kmendoza
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Location: Crown Point, IN

Hydrangeas and ivy

Does anyone know if english ivy can "choke out" hydrangeas? As my ivy has grown in over the last two years my endless summer hydrangeas seem smaller and don't bloom as well. Should I move them away from the ivy?
Krissy Mendoza

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Kisal
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English ivy can kill a fully grown large tree. It could easily make short work of a hydrangea. It's terribly invasive stuff.

Get it away from your shrub as soon as possible, but learn how to do it correctly. You don't want to harm your shrub in the process. ;)
"Isn't it enough to see that a garden is beautiful without having to believe that there are fairies at the bottom of it too?" - Douglas Adams

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rainbowgardener
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Don't move the hydrangeas away from the ivy, which would be really hard on them. Move the ivy away from the hydrangeas, preferably by ripping it all out. It is as Kisal said, really nasty, aggressively invasive stuff that kills forests, swallows buildings whole... you really don't want it around and you will be doing your neighbors a favor too, if you get rid of it.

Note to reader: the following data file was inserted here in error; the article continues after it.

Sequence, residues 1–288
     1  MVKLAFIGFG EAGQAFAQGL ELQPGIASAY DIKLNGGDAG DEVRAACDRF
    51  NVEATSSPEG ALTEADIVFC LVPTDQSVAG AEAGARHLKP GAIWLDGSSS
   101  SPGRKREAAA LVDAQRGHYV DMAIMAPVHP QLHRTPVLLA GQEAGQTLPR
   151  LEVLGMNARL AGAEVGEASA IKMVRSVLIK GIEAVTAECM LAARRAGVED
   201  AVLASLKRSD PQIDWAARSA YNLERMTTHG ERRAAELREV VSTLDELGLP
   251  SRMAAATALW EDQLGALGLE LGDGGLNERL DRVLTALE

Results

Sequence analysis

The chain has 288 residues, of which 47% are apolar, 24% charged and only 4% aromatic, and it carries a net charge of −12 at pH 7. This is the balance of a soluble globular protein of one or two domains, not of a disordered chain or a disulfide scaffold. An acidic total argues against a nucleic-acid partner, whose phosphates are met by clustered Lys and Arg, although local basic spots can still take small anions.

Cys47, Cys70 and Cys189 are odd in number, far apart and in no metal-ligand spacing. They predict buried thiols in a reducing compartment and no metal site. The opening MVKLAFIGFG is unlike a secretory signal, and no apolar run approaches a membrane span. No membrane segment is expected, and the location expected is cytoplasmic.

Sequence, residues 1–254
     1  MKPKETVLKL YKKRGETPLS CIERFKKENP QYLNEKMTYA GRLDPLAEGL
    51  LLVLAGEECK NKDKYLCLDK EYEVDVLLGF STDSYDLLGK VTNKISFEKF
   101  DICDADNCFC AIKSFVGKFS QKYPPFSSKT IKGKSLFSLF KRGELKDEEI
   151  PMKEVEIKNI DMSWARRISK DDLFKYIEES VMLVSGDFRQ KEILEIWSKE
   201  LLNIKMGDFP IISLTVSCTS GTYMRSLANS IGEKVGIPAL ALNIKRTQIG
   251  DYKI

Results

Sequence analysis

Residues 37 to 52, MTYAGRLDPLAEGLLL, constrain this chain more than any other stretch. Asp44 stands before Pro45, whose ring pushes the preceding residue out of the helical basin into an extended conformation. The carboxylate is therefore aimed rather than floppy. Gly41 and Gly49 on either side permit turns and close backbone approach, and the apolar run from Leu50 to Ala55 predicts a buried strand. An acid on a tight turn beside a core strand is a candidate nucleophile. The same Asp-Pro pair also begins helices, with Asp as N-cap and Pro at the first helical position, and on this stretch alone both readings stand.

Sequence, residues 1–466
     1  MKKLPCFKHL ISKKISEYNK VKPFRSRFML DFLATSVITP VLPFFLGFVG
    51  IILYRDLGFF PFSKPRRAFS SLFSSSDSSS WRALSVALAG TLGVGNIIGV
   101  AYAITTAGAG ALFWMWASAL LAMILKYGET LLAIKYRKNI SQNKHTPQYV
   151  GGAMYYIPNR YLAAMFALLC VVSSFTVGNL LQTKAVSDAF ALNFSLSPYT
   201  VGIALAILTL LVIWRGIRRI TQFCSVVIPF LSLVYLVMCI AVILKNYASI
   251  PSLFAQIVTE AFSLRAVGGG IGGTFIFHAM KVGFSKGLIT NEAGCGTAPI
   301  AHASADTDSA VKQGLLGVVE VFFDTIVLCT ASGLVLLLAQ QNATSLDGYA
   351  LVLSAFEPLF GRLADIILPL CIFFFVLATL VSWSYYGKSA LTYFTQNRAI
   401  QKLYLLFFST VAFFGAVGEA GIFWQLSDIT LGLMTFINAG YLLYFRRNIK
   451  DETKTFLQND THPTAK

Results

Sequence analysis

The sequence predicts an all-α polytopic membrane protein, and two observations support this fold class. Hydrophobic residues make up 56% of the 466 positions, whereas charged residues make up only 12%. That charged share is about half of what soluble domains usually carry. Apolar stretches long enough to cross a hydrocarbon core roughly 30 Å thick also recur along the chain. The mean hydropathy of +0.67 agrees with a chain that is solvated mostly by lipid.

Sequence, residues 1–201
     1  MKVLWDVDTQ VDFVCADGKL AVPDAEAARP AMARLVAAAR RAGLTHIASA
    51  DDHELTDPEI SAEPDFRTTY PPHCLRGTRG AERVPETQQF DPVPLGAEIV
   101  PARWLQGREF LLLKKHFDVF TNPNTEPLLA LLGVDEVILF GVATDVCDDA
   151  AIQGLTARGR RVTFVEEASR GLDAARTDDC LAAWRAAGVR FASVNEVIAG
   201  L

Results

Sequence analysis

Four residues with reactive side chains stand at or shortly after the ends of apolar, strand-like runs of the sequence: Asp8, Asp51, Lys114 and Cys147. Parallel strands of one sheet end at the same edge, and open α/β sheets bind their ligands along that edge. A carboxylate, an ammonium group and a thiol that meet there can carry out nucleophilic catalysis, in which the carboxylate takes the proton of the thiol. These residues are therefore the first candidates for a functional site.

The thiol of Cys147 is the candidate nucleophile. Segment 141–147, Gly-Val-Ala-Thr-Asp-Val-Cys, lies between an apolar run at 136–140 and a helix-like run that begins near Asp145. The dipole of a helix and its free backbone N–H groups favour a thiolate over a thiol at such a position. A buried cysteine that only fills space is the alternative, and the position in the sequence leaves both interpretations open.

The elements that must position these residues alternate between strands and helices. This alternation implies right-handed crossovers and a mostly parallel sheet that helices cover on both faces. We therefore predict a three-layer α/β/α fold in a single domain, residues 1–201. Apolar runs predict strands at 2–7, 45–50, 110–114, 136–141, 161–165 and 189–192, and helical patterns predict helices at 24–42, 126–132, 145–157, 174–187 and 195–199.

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kmendoza
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I had no idea ivy was so aggressive.. I guess I will have to pull it out. Thanks for the info!
Krissy Mendoza

Ian Binnie
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Hi from England (the home of English ivy),

As well as physically removing the ivy - a difficult and never ending job - may I suggest a way of keeping new ivy growth down? Once you have removed all the ivy you can by pulling it out watch for new growth and when you see new shoots DON'T pull it out but fill a jam jar or similar container with systemic weed killer and push the shoot into the container ensuring it stays in the liquid systemic weed killer. The shoot the "drinks" the weed killer and takes it back to the roots eliminating it completely.

Best of luck

Ian
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Kisal
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A simpler method ... IMO, anyway ... would be just to use a disposable foam paintbrush and paint the new ivy sprouts with brush killer. That's how I control the wild blackberry that would happily devour my entire yard if I allowed it.

It seems to me that leaving jars of the stuff sitting around risks the chance of some child or animal knocking it over, which would spill it on the ground around your hydrangea. I definitely think stuff like weed killers and brush killers should be carefully applied to the leaves of the plant you want to kill, not broadcast around an area. And you definitely want to keep it off the ground. But, that's all just my opinion. :)
"Isn't it enough to see that a garden is beautiful without having to believe that there are fairies at the bottom of it too?" - Douglas Adams

Ian Binnie
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Ivy is very tough and the trouble with painting ivy leaves is two fold. First the weed killer may simply just kill the leaf and a few inches of ivy but not the root. Secondly a shower of rain can wash the weed killer off the leaf. I take the point about jars standing around and being knocked over - I sink them into the ground and cover the top with a stone / brick etc to keep the ivy in the jar. The real value of using a jar is that the ivy can suck in the weed killer over a long period.
Ian Binnie

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